Capital gain is a tax you pay from profits you make from investments that appreciated over time. That means that if you purchase an item, and it appreciates later on, you may have to pay some tax from the profit you realized, which is the capital gain tax. Some of the items that are charged the capital gain tax include; stock investments, real estate investment, and investment in gold and other precious stones like diamonds that the price can appreciate with time.
Bringing it to the real estate world, property owners are also expected to pay taxes after the sales of their properties. For instance; if you bought a real estate for one million dollars five years and ago, and you took it to a Realtor for evaluation and sales, only to discover that the price of the real estate had appreciated from the original one million dollars you bought to about one million five hundred thousand dollars, you are expected to pay a Capital gain tax from the five hundred thousand dollars profit you made.
Capital gain tax can be drastically reduced or even avoided in a lot of ways. Now, let us look at some ways to avoid or reduce your capital income tax on the real estate property sales. Here are six ways you can avoid capital gain tax on Real Estate.
6 Ways to Legally Avoid Capital Gain Tax on Real Estate
1. Payment by Installments
One of the ways to reduce capital gain tax on real estate is by adopting the payment by instalment system. This means that you as the seller can arrange with the buyer to make the payment for the property or real estate on instalments. That means that you can make the total payment over an agreed period of time.
This way, the tax you will pay overtime will be very little compared to the capital gain tax you would have paid if the total sum was paid in bulk. However, for this method to work out you may have to involve a Lawyer to draft the agreement between you and the buyer to make sure that the terms of payment is adhered to.
This method is able to help you avoid payment of any capital gain and it is also known as the 1031 Exchange Rule. In accordance with the 1031 Exchange rule, you can exchange any property you wish to sell with another property without incurring any Capital gain tax since no physical cash was involved in the transaction.
For instance; let us say you bought a property three years earlier for $100,000, and three years down the line, the property appreciated to $200,000, if you can find someone who has a property that is also valued for $200,000 to exchange with. But for you to apply the 1031 Exchange rule successfully for your estate sales, the following criteria must be fulfilled;
- The Property must be of the Same Nature-: Just like the example stated earlier, if the new value of your property appreciates to $200,000, you may have to look for another house that is valued for $200,000 to make the exchange. The only issue with this is that sometimes, it is difficult to find a property that is of the same nature or value with the one you want to sale.
- The Property for Exchange Much Be Identified Within the Stipulated Period-: That means that you may have 45 days to find another property that is of the same nature with yours to make the exchange.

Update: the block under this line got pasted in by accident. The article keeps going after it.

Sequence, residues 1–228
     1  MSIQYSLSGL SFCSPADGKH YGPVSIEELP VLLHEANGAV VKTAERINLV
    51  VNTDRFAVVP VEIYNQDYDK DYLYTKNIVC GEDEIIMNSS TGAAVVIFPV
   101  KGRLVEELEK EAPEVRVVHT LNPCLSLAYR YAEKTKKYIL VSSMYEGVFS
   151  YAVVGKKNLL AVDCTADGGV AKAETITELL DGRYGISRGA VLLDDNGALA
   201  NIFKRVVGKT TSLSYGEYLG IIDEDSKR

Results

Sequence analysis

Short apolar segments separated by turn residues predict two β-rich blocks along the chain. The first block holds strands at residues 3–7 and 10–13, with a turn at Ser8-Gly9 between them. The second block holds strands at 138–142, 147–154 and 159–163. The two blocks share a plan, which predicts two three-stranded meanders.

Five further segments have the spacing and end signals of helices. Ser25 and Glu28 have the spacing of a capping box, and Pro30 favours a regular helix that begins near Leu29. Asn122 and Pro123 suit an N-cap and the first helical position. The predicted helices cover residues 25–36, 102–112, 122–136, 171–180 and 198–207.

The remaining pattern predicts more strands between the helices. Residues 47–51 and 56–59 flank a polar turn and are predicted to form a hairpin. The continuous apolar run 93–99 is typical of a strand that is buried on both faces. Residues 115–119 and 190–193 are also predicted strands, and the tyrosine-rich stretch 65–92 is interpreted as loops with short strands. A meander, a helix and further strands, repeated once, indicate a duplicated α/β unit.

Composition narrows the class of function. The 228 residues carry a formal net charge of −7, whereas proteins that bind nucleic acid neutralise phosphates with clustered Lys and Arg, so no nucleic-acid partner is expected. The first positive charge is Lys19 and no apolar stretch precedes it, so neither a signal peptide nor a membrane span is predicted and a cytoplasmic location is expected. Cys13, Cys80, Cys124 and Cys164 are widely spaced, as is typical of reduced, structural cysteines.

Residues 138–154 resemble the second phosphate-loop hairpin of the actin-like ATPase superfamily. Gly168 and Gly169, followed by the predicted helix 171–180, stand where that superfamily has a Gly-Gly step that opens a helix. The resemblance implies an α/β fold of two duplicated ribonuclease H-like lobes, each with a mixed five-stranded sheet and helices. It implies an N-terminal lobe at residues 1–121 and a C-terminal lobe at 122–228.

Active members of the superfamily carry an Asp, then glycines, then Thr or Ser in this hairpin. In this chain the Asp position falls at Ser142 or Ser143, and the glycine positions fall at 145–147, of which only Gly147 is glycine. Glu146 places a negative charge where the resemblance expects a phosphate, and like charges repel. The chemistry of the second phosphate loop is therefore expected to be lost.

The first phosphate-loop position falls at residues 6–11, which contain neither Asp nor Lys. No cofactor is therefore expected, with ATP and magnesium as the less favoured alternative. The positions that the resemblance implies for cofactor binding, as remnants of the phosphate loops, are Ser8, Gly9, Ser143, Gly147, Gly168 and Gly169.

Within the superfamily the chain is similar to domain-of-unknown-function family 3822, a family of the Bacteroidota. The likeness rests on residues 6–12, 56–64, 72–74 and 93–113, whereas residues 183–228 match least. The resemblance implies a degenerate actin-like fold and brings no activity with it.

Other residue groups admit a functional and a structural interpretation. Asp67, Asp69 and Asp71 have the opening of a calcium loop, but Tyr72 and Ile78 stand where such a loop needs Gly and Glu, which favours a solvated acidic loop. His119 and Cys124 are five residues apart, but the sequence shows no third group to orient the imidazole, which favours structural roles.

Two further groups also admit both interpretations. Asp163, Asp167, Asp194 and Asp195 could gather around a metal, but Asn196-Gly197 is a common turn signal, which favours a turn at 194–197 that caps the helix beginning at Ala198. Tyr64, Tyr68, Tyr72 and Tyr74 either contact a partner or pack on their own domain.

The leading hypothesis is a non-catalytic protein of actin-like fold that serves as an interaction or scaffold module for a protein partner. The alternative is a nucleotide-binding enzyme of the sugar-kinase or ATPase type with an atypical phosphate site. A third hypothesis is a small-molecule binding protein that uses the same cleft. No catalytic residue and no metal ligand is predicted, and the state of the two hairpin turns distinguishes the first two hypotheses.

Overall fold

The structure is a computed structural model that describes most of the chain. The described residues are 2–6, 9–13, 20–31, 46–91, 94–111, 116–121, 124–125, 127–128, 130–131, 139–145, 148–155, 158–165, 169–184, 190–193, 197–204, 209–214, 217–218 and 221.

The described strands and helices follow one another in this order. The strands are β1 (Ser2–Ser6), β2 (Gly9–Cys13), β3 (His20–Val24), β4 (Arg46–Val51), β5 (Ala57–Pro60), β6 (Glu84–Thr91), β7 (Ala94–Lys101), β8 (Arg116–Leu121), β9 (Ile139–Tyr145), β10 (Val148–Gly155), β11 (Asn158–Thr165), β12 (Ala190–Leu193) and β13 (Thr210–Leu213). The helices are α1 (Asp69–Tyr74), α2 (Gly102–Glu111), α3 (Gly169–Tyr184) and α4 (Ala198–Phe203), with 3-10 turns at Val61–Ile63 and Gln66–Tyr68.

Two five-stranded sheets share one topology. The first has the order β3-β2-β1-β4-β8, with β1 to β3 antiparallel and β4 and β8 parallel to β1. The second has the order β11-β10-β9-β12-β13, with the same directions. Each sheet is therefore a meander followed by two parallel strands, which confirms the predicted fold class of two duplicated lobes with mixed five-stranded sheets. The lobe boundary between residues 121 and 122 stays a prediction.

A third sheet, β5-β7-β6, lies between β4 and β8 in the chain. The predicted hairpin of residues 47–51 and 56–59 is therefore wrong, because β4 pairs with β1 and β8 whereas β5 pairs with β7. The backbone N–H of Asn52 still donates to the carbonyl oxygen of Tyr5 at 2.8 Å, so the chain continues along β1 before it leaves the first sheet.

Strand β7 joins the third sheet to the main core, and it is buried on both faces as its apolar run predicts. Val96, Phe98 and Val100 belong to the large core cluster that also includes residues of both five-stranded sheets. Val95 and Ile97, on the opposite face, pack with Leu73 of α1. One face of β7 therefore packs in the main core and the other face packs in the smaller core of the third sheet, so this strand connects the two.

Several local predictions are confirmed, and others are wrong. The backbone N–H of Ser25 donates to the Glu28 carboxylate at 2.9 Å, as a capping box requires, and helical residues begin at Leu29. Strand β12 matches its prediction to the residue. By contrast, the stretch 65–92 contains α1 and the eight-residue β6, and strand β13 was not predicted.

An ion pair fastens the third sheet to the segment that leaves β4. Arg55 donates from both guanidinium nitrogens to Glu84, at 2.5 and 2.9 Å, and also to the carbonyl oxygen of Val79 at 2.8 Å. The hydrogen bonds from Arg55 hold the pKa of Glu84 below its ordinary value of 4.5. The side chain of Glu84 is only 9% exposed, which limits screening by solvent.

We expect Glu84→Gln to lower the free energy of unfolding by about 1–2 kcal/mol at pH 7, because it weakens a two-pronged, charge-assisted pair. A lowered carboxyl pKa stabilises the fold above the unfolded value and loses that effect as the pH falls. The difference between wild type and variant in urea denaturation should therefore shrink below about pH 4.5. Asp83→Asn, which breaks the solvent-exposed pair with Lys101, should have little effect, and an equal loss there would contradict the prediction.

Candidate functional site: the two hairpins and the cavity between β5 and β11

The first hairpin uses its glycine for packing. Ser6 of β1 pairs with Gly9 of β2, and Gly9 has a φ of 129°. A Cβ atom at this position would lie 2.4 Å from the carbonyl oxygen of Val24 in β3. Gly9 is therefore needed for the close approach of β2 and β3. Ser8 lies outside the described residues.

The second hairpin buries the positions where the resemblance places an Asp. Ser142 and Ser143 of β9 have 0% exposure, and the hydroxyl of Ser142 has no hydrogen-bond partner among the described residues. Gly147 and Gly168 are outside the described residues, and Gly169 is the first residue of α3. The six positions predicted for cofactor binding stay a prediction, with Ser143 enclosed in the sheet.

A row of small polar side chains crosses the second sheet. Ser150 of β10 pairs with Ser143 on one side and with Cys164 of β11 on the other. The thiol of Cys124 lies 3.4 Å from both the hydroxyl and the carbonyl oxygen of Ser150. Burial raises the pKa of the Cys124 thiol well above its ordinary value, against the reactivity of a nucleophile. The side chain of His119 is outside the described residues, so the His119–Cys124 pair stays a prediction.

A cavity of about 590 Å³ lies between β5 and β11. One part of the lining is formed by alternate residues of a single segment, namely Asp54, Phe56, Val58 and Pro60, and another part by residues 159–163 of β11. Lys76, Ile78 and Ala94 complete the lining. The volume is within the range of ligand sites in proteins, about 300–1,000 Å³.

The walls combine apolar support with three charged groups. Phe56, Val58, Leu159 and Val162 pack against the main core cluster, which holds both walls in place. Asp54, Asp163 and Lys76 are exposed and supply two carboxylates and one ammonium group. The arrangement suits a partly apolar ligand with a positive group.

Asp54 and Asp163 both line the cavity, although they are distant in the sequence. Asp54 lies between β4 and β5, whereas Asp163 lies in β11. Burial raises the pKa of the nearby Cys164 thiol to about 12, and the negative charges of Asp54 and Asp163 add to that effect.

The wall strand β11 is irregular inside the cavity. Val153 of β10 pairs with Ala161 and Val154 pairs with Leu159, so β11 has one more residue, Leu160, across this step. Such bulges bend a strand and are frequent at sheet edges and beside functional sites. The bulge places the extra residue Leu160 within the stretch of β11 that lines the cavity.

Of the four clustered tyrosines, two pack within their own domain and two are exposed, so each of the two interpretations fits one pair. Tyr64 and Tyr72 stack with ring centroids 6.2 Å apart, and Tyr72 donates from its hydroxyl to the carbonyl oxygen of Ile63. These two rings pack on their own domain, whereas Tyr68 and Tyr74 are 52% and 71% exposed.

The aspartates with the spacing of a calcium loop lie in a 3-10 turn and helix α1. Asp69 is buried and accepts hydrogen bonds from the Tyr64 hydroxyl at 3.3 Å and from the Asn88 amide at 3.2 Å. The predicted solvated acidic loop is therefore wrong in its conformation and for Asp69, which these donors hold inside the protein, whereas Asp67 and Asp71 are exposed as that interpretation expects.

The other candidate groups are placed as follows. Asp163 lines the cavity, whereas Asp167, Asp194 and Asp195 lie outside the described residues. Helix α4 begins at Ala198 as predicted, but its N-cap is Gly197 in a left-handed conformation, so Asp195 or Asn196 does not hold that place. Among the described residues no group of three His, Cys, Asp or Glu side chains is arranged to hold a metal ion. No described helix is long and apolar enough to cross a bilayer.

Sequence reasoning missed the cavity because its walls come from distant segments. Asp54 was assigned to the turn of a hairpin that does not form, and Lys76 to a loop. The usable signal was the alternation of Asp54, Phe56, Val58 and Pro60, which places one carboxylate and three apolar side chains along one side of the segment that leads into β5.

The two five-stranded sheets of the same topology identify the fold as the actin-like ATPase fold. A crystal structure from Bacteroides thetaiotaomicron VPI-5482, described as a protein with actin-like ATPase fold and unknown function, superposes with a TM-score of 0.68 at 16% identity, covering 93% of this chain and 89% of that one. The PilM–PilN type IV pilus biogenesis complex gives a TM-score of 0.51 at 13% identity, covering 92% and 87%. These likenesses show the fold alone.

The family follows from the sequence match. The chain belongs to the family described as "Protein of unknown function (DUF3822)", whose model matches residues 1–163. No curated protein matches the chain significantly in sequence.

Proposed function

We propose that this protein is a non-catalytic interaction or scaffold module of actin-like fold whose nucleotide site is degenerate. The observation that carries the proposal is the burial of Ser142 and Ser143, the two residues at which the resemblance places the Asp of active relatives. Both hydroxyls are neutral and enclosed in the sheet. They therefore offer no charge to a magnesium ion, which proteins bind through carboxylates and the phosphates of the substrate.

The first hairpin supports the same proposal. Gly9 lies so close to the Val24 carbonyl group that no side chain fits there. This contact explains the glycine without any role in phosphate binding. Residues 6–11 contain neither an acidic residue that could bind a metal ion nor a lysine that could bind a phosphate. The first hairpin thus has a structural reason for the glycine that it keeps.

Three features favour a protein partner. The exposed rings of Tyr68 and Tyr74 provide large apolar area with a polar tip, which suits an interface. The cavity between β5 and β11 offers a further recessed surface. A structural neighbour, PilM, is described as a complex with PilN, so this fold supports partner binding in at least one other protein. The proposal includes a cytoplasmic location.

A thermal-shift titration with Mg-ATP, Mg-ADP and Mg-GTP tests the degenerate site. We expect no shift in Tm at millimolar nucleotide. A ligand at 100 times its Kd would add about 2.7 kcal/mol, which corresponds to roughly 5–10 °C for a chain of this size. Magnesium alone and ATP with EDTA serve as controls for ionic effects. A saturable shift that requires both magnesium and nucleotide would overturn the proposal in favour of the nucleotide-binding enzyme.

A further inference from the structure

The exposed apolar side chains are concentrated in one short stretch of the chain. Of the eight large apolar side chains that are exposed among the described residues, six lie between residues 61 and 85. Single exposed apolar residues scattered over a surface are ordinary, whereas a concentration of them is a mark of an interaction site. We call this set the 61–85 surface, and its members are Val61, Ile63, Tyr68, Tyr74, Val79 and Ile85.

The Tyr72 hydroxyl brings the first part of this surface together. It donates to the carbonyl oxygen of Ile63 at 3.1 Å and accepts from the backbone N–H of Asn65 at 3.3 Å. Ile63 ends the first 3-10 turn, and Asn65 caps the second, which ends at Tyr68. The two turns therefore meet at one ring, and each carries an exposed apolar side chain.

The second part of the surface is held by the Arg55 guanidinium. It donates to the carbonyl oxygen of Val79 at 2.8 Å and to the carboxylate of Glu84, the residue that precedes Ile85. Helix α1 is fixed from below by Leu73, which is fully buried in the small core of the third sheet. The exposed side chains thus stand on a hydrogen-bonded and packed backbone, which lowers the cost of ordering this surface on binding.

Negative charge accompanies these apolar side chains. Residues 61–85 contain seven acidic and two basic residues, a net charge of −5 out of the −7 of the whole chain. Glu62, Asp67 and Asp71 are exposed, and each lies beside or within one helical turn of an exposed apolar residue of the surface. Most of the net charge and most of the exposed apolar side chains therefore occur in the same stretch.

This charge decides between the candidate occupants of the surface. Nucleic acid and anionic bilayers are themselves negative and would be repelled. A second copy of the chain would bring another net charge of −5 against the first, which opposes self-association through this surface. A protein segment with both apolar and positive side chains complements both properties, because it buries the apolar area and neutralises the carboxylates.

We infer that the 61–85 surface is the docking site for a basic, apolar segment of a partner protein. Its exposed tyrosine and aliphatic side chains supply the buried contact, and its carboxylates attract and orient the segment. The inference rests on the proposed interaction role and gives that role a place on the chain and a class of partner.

- Time of Transfer-: The whole transactions involved in the exchange or transfer must be done within 180 days.
- The property must be held for investment or business use-: What this means in essence is that residential homes does not fall into the category of real estates that apply the 1031 Exchange rule.
3. Sales of Residence or Home Property
Capital gain tax of up to the turn of $250,000 can be deducted from you if the sale is of your residential home; but if jointly filed, you can receive a deduction of up to $500,000. Also, you can include a third party as having a share in the property. This could be your cousin or nephew and get a reduction of up to $45,000 for the person.
For this rule to apply you must also fulfill the following criteria; the owner must have owned the house for at least 5 years, and should have occupied it for at least 2 out of the 5 years. Also, you must not have filed for any residential sales within the last 2 years because you cannot claim another sale within two years period.
4. Transfer in Retirement Account
Another way to invade payment of capital gain tax on the sale of your property is to invest your profit from the sales into a retirement account; though you will have to pay tax on your retirement account later, it wouldn’t be as much as the initial capital gain you would have paid. Note that some banks have a limited amount you can pay into a retirement account.
5. Invest in Student’s College Account
This type of account works like the retirement account too, because you may not have to pay tax on the account until much later. If you have children or grand children that will be leaving for college at some point; you can create a Student’s College Account and channel the profit you made from the sale of your Real Estate into the account.
6. Invest In Health Accounts-: You can also channel the profit you might have made from the sales of your property into a health account. This is as long as it remains the money used to pay for health bills, which would not be taxed.
There you have it. Do not forget that in applying any of the methods mentioned in this article, it will be best to consult with your account manager to help you work out the best option for you.
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